No longer burdened by keeping up the pretense of bipartisanship, former President Barack Obama says that some right-wing media feed off fear.
In an interview Monday with Anderson Cooper, Obama discussed the topic of race and the difficulty some white Americans seem to have with reconciling their pride in America and immoral acts done in its name. He also said part of the problem is certain right-wing media outlets that fan the flames and cause confusion.
Outraged at his comments, right-wing commentators complained across various platforms, including Fox News and Youtube, about Obama’s criticism. But Obama’s right. For example, he pointed to Republicans’ current fixation on critical race theory, which is used as a scapegoat to attack efforts to provide a more balanced and accurate history.
Conservatives and their far-right counterparts play on people’s desires to be right and not “feel bad.” Republican-controlled legislatures and parents groups claim critical race theory is about teaching one race is superior to another, which couldn’t be farther from the truth.
By claiming to teach about racism, and America’s racist history as a “political belief” or “divisive,” conservatives distract from ongoing harms across multiple segments of society. Recently, a school board in New Jersey compared critical race theory to Holocaust Denial Theory.
Unlike conspiracy theories that deny the pain and experiences of marginalized groups, Critical Race Theory is a framework that provides a way of understanding the intersection of race and society. Emerging from the work of the late Derrick Bell, a law professor and authority on race and the law, Critical Race Theory
The attack on critical race theory and claims that it is anti-American is not new. As an explainer in The Atlantic pointed out, critical race theory became a part of public discourse during the confirmation hearing of Lani Guinier, a Black professor nominated by former President Bill Clinton to serve as the head of the DOJ’s Civil Rights Division.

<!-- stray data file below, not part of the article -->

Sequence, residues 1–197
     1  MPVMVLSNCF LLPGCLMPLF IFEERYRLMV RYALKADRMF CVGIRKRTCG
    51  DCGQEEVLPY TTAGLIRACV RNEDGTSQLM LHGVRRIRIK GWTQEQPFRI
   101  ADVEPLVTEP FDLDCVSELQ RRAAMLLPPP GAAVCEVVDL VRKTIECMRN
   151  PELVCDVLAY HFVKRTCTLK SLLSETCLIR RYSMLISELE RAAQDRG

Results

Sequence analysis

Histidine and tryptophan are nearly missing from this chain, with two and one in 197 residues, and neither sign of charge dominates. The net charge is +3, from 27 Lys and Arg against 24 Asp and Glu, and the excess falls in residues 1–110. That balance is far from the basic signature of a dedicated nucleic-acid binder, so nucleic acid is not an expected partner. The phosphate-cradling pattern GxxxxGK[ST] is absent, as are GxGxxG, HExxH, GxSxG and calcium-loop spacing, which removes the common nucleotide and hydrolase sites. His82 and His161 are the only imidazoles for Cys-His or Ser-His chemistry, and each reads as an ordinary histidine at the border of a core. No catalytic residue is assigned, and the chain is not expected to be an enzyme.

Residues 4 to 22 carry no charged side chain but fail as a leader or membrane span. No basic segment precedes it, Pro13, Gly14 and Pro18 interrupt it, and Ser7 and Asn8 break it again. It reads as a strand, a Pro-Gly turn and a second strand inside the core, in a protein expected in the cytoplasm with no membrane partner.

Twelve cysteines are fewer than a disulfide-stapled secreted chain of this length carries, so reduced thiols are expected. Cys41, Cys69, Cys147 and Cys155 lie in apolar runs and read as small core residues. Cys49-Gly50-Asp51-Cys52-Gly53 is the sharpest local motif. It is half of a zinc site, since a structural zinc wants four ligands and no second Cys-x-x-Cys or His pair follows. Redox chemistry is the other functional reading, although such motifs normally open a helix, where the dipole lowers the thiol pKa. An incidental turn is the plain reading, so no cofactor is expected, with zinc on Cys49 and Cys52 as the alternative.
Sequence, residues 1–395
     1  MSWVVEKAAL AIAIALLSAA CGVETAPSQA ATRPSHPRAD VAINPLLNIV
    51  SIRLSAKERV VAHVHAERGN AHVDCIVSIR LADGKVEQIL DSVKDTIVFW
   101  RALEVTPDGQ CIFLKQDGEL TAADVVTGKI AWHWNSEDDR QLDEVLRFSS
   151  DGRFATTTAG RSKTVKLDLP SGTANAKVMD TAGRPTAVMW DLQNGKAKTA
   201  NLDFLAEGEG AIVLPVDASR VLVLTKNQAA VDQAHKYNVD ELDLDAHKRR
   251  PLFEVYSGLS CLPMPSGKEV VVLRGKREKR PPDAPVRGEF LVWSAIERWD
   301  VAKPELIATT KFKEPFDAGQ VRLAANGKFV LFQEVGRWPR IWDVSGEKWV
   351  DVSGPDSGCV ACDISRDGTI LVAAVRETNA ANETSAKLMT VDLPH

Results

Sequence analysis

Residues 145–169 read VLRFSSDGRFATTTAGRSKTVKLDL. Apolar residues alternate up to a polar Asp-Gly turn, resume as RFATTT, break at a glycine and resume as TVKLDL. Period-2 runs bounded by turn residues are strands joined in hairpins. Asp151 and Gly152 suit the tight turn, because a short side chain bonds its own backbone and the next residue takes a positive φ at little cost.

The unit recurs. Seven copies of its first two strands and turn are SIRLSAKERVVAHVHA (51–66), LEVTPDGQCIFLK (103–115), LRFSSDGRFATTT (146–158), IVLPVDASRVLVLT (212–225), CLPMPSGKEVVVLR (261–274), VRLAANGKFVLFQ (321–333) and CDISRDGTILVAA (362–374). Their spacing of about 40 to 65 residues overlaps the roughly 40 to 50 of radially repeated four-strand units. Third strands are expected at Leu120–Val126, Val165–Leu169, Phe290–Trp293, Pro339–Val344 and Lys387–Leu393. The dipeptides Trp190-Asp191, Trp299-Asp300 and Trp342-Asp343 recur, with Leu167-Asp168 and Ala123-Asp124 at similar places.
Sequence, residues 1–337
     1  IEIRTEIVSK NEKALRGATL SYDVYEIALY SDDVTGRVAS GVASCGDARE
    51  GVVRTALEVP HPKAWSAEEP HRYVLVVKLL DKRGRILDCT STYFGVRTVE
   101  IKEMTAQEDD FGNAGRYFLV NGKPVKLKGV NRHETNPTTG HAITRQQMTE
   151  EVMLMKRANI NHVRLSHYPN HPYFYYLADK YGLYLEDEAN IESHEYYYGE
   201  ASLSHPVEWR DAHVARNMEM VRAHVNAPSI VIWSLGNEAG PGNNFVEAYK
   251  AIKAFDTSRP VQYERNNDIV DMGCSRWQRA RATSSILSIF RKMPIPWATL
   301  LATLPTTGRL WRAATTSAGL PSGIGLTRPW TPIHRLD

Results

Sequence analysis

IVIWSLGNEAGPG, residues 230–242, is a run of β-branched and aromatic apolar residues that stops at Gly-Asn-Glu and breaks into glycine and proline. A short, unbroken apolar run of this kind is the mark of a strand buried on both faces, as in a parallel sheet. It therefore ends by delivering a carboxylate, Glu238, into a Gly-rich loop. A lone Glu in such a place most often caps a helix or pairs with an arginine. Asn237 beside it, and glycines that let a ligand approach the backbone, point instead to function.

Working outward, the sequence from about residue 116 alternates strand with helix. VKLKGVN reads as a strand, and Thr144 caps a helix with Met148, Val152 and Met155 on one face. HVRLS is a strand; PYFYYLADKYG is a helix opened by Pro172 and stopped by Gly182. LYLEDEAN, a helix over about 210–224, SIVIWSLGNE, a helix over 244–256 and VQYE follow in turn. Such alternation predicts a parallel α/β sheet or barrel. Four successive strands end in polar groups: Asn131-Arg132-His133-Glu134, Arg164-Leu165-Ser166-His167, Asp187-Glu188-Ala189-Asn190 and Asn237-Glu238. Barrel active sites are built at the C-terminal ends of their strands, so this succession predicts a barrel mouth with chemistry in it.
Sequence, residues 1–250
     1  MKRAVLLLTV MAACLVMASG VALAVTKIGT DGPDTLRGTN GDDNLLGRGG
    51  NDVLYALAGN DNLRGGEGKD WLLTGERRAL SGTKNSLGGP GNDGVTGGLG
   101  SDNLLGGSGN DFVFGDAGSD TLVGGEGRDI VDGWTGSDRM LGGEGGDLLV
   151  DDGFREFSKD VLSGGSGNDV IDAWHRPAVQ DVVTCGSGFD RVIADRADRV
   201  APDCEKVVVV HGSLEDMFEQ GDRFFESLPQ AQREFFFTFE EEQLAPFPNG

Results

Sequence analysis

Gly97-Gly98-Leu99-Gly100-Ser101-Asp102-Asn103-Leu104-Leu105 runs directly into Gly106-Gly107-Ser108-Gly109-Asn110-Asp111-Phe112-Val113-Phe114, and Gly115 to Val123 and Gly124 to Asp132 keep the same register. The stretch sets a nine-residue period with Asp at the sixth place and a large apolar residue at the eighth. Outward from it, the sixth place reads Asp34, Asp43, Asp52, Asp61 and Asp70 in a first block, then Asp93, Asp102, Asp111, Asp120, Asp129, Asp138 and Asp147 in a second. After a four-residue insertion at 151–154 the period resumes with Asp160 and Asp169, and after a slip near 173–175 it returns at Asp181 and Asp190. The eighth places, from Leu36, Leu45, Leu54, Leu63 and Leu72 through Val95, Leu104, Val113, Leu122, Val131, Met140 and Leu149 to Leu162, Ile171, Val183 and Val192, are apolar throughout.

White parents are so worried about their children being exposed to the basic concept of Black lives mattering. Still, they somehow are oblivious to the countless indignities put upon Black children in schools, like getting auctioned as slaves or white children crafting tweets like “Slavery for Life” for a class assignment.
There are glaring examples every year of offensive and inadequate lessons around racism and slavery. Also, teaching about slavery, racism, and other forms of oppression isn’t indoctrination. These are fear tactics that rile people up.
Republicans are not happy about people learning about the existence of systemic racism. This goes along with the current war being waged on anything involving equality, such as voting rights, the right to protest, or protecting vulnerable communities.
Obama is also right to be concerned about the misinformation being consumed by Americans. The role of misinformation is something that needs more consideration, particularly as the mistaken beliefs last election cycle that the election was “stolen” and that voter fraud was widespread.
A recent research study found that misinformation influenced politics as well as what Americans understood about social issues. Misinformation was far more prominent among republican leaning consumers. The researchers defined misinformation as “factual beliefs that are false or contradict the best available evidence in the public domain.” They do not focus on conspiracy theories or rumors.
A part of the Cambridge Elements series on Race, Ethnicity, and Politics, the report also touched on the role media plays in processing information. While bias in the media is not new, particularly in the portrayal of Black and other people of color,
“White Americans, along with those who are racially resentful, ideologically conservative, and consumers of conservative news outlets are particularly vulnerable to being misinformed about socially marginalized groups,” read the report in part.